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A Chicago theater veteran’s view from Puerto Rico

Longtime Theater Oobleck ensemble member Dave Buchen sees hurricane devastation from his house on a hill in San Juan.

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Former Chicagoan and Theater Oobleck ensemble member Dave Buchen has lived in Puerto Rico since 1999. - EVAN HANOVER
  • Evan Hanover
  • Former Chicagoan and Theater Oobleck ensemble member Dave Buchen has lived in Puerto Rico since 1999.

Todo bien."

That's Dave Buchen's unlikely response to the question of how he's faring, ten days after Hurricane Maria. I've caught the former Chicagoan and longtime Theater Oobleck ensemble member during a rare interlude of cell-phone connectivity at his home on a hill in the Santurce area of San Juan.

"My house is OK. My family is OK. I have access to water and food. So I'm doing great," he says, adding that he's lucky to be on high land. Down the hill, he can see neighborhoods that are completely flooded.

"There are areas close to me that still have sewage in the street," he says. "And people in the mountains—there are whole areas that are just devastated."

Electricity?

"None."

Power was out for more than a week after Hurricane Irma, came back on for four days, and has been out now since September 20, when Maria struck, with a wind that "roared for seven hours." He says if it's back on in two months, he'll be "really excited." There's no word about when the public schools will reopen.

Buchen, who's lived in Puerto Rico since 1999, says he's also lucky to be a self-employed visual artist and musician. Neighbors and friends who work at businesses shut down by the storm don't know when their jobs will come back, if they come back. Tourism and agriculture alike have been literally blown away.

"A lot of people, their income just disappeared."

Puerto Rican residents Yadira Sortre and William Fontan Quintero with what remains of their house after Hurricane Maria. “We lost everything,” Quintero says. They have three children, one of whom lives in Chicago. - RAMON ESPINOSA
  • Ramon Espinosa
  • Puerto Rican residents Yadira Sortre and William Fontan Quintero with what remains of their house after Hurricane Maria. “We lost everything,” Quintero says. They have three children, one of whom lives in Chicago.

So what can we do to help? The immediate need, Buchen says, is money for the organizations that are doing the work: clearing streets, getting drinkable water to the people, providing shelter. (There, on the ground, he likes Radio Vieques and Taller Salud.)

"Longer term, structurally, we need to not be expected to pay billions and billions of dollars of debt. There've been calls for a moratorium on that, and that's important," he says.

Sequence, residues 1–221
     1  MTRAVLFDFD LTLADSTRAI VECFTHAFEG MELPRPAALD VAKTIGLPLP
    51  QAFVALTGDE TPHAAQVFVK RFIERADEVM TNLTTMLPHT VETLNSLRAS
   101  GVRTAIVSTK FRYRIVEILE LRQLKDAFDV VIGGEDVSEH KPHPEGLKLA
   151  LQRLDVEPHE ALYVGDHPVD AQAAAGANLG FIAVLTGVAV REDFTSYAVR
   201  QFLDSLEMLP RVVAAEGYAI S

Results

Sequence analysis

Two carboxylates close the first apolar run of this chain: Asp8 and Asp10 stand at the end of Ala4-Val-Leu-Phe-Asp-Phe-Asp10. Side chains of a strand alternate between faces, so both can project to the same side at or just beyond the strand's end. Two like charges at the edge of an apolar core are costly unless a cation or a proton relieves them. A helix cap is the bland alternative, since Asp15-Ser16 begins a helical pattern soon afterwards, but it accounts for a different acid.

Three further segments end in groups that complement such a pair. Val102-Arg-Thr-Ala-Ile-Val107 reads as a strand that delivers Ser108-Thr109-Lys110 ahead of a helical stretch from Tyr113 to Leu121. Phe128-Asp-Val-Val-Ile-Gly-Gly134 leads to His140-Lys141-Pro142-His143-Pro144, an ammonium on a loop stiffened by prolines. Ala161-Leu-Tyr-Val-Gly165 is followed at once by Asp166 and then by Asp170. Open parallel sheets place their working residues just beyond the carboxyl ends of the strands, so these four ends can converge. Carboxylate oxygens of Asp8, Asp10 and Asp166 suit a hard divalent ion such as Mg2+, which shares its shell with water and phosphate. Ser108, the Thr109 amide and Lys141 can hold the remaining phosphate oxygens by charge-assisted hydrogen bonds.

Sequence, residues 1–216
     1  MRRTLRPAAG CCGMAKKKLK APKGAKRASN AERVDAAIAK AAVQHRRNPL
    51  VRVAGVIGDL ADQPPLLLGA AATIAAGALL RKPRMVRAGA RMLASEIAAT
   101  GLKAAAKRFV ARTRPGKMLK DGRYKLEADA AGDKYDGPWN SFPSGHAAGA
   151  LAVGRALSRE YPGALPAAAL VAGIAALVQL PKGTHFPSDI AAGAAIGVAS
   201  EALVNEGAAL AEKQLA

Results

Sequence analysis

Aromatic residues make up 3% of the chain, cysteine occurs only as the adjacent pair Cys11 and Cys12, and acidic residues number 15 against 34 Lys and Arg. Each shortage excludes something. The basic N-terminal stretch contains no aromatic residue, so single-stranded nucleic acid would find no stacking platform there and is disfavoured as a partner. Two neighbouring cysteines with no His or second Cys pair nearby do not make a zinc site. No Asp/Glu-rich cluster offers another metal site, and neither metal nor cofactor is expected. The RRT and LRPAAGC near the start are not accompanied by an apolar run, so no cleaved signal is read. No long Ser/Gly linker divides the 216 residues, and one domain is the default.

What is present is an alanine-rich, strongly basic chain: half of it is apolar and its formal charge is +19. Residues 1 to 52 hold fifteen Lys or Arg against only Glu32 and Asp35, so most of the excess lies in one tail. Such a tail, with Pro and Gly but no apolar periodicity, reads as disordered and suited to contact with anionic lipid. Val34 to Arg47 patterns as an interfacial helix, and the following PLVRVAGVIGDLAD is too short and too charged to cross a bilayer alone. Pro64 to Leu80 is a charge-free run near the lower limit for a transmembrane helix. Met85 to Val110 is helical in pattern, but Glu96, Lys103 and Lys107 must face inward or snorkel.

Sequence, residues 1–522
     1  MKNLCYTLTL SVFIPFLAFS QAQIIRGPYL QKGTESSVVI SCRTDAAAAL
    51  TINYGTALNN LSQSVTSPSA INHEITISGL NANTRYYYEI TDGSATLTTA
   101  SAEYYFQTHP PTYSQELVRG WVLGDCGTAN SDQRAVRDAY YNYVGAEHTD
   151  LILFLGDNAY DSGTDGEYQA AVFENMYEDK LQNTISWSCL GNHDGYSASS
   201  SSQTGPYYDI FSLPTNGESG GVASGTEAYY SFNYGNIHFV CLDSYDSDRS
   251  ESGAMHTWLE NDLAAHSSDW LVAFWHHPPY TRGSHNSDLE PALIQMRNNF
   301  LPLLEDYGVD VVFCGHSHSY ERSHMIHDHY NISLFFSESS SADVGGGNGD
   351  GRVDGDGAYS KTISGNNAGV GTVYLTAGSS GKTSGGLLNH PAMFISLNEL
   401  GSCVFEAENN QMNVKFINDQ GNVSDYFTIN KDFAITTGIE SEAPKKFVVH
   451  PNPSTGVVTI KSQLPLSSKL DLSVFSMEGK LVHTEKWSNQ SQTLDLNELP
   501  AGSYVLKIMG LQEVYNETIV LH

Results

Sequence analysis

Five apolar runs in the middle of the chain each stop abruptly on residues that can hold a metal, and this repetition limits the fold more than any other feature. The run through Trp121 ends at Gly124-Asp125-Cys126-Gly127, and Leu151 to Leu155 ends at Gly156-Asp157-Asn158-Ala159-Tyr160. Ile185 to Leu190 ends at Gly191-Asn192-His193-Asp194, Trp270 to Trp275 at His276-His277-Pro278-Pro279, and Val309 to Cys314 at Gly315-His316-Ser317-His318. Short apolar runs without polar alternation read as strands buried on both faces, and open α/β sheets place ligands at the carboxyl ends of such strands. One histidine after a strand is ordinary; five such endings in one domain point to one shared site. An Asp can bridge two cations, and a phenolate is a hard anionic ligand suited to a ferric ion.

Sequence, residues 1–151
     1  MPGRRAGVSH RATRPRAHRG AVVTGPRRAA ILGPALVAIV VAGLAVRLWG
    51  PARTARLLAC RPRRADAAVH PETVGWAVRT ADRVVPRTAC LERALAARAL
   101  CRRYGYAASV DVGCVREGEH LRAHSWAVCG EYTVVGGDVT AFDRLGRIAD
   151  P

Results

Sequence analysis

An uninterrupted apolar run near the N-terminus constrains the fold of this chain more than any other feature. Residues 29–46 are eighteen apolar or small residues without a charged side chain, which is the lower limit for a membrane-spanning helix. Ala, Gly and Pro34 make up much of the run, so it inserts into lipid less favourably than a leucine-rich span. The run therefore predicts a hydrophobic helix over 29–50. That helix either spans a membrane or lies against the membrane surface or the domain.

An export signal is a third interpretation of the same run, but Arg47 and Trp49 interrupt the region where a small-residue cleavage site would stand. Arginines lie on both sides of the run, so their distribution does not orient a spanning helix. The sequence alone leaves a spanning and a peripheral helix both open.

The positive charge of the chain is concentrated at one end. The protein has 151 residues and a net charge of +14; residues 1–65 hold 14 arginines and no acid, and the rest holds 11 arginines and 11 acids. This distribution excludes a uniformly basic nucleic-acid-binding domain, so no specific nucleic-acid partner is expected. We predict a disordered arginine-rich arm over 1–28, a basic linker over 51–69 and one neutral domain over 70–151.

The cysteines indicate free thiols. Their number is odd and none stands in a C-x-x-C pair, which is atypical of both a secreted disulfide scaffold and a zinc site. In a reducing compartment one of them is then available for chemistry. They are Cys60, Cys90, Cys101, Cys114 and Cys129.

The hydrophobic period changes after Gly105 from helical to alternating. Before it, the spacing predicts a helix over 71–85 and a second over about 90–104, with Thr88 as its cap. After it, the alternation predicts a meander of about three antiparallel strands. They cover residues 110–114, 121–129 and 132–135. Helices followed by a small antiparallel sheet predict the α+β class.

Two large issues figure in this, Buchen says. "The economic crisis—we've been in recession for 11 years." And behind that, colonialism. "Puerto Rico is the world's oldest colony," he says. "The United States keeps it as a colony, and because of that, it's poor. The money has been siphoned off. The sugar industry took tons of money out, and development has been stunted by U.S. control."

A tax break that encouraged U.S. companies to manufacture in Puerto Rico was ended in 2006. While it was in force, Buchen says, "all kinds of companies came down, set up factories. There were jobs, but there was no accumulation of capital, no reinvestment in the island. They took all the money out, and when the tax break was lifted, they left."

Since then, unemployment has risen, population and tax revenues have dropped (as Puerto Ricans decamp to the mainland), and the government has borrowed heavily to stay afloat. Puerto Rico, with a population of only about 3.4 million, now owes about $120 billion in bond debt and pension liabilities. More than 40 percent of Puerto Ricans live below the poverty level, according to data collected before the hurricanes hit.

(On September 28, after tweeting that Puerto Ricans "want everything done for them," President Donald Trump temporarily lifted a long-standing federal law that had interfered with the island's trade, driven up the cost of living, and was said to be slowing the arrival of supplies after Maria. The Jones Act requires that ships carrying goods between American ports must be U.S. built and staffed; the temporary suspension expired on October 8.)

Buchen's not looking to statehood as a permanent solution. "For me, statehood means simply that Mississippi wouldn't be the poorest state in the country," he says. "I'm a firm believer that Puerto Rico should be independent."

"The important thing to remember is that this is a problem that's not going to stop for a long time. If you're not in the middle of it, the event happens, you count the dead, and then you move to the next horrible event—Las Vegas. But for the entire population here, this is going to have repercussions for years to come. I would say to the people up there, find a way to pay attention to how things play out."

Up here, the community's rallying. Among the efforts: The Puerto Rican Arts Alliance has joined with the National Museum of Mexican Art to raise money for hurricane relief that'll be split between Puerto Rico and Mexico. The Puerto Rican Agenda launched a "Pallets & Planes" drive that already sent two planeloads of supplies to the island and is gearing up to do more. And on October 19, the Segundo Ruiz Belvis Cultural Center will host a benefit for Puerto Rican artists featuring two acts from Santurce: the comedy troupe Teatro Breve and singer Juan Pablo Díaz.   v

Puerto Rico Artist Hurricane Relief Fund-Raiser Thu 10/19, 7 PM, Segundo Ruiz Belvis Cultural Center, 4048 W. Armitage, 773-698-6004, segundoruizbelvis.org.

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